Emergency Fund Drained During Coronavirus? Here's How to Rebuild

Woman in mask and gloves looks into empty wallet.

Image source: Getty Images

Millions of Americans lost their jobs during the coronavirus pandemic, and a large number who didn't instead saw their income take a hit or their expenses skyrocket. Parents of school-aged children, for example, who normally pay for after-care programs have increasingly had to cover the cost of full-time care as schools have shifted to virtual learning.

If you depleted your savings in the course of the pandemic, you're no doubt in good company. But if that's the case and your circumstances have since improved, now's the time to work on rebuilding. Here are a few ways to do just that.

1. Take on a side job

Side hustles were all the rage before the pandemic began, when you could easily pick up extra shifts at a local restaurant or pop into people's homes and provide cleaning or babysitting services. But these days, employment in general is a lot more restrictive due to the need for social distancing, so getting a side job isn't as simple as it once was.

But that doesn't mean you don't have options. If you want to replenish your emergency fund as quickly as possible, a side gig you do remotely, like web design, editing, or online tutoring, could be your ticket. Furthermore, there may be some in-person work you feel you can do safely like walking dogs or driving for a rideshare company (if you wear a well-fitted mask, insist that passengers mask up, and open windows, you may find that you're comfortable with that setup).

2. Bank your stimulus cash

President Joe Biden is making plans to send a third stimulus check out to the public. If he gets his way, Americans will soon be in line for a $1,400 windfall in addition to the two rounds of stimulus cash that have gone out already. If you were eligible for the previous stimulus rounds, you may or may not qualify for a third check, as there's been talk of lowering the income limits for eligibility. But if your income is $50,000 or less as a single tax filer or $100,000 or less as a married couple that files a joint tax return, you should be set to receive a third stimulus. And that money could do a good job of restoring your emergency savings.

3. Spend more mindfully

Many households have already tweaked their budgets and cut back on spending to accommodate their new reality. If that's the case, you may not have too many expenses you can reasonably slash. But one thing you can do is aim to spend more mindfully. Before you buy items you'd normally classify as essential, take a step back and ask if there's a lower-cost alternative. For example, you may prefer certain supermarket brands, but if the store brands are cheaper and do the job of putting food on the table, go with them and save the difference. In time, those small measures will add up.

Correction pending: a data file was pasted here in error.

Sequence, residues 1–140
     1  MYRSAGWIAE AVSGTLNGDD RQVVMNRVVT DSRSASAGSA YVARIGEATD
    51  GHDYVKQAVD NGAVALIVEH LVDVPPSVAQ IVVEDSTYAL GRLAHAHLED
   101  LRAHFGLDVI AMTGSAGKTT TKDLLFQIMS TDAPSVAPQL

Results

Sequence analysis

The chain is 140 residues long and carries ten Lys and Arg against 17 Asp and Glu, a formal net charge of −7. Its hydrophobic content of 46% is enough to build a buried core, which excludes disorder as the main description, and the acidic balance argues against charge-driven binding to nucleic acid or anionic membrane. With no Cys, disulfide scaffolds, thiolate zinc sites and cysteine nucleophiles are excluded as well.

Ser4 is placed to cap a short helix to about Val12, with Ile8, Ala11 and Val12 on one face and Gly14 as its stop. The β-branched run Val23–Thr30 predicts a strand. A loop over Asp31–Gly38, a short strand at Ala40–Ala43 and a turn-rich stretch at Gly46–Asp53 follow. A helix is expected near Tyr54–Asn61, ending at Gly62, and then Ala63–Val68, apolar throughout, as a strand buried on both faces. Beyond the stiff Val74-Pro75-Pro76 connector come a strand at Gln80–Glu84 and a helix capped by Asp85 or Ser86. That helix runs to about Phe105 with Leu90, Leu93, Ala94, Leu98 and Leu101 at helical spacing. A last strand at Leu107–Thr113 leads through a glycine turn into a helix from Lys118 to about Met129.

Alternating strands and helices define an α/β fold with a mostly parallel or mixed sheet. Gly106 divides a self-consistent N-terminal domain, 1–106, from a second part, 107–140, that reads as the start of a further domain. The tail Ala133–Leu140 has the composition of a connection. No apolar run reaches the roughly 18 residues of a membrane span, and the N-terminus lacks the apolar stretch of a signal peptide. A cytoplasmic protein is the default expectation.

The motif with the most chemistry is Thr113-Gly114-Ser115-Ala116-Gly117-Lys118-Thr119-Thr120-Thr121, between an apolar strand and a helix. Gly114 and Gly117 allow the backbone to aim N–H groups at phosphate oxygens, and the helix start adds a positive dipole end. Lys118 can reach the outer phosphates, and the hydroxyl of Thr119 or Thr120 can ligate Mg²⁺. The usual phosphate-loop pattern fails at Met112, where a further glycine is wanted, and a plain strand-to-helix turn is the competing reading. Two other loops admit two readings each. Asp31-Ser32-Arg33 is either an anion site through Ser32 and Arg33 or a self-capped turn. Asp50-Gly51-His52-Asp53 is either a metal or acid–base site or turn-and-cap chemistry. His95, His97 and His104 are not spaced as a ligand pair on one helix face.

It's important to have a healthy emergency fund -- one with enough money to cover at least three months of essential living expenses -- at all times. If you had to drain your savings during the pandemic, make every effort you can to replenish those cash reserves -- before a situation arises where you need money in a pinch.

These savings accounts are FDIC insured and can earn you 12x your bank

Many people are missing out on guaranteed returns as their money languishes in a big bank savings account earning next to no interest. Our picks of the best online savings accounts can earn you more than 12x the national average savings account rate. Click here to uncover the best-in-class picks that landed a spot on our shortlist of the best savings accounts for 2021.

The Motley Fool owns and recommends MasterCard and Visa, and recommends American Express. We’re firm believers in the Golden Rule, which is why editorial opinions are ours alone and have not been previously reviewed, approved, or endorsed by included advertisers. The Ascent does not cover all offers on the market. Editorial content from The Ascent is separate from The Motley Fool editorial content and is created by a different analyst team.

The views and opinions expressed herein are the views and opinions of the author and do not necessarily reflect those of Nasdaq, Inc.

Latest Markets Videos

    The Motley Fool

    Founded in 1993 in Alexandria, VA., by brothers David and Tom Gardner, The Motley Fool is a multimedia financial-services company dedicated to building the world's greatest investment community. Reaching millions of people each month through its website, books, newspaper column, radio show, television appearances, and subscription newsletter services, The Motley Fool champions shareholder values and advocates tirelessly for the individual investor. The company's name was taken from Shakespeare, whose wise fools both instructed and amused, and could speak the truth to the king -- without getting their heads lopped off.

    Learn More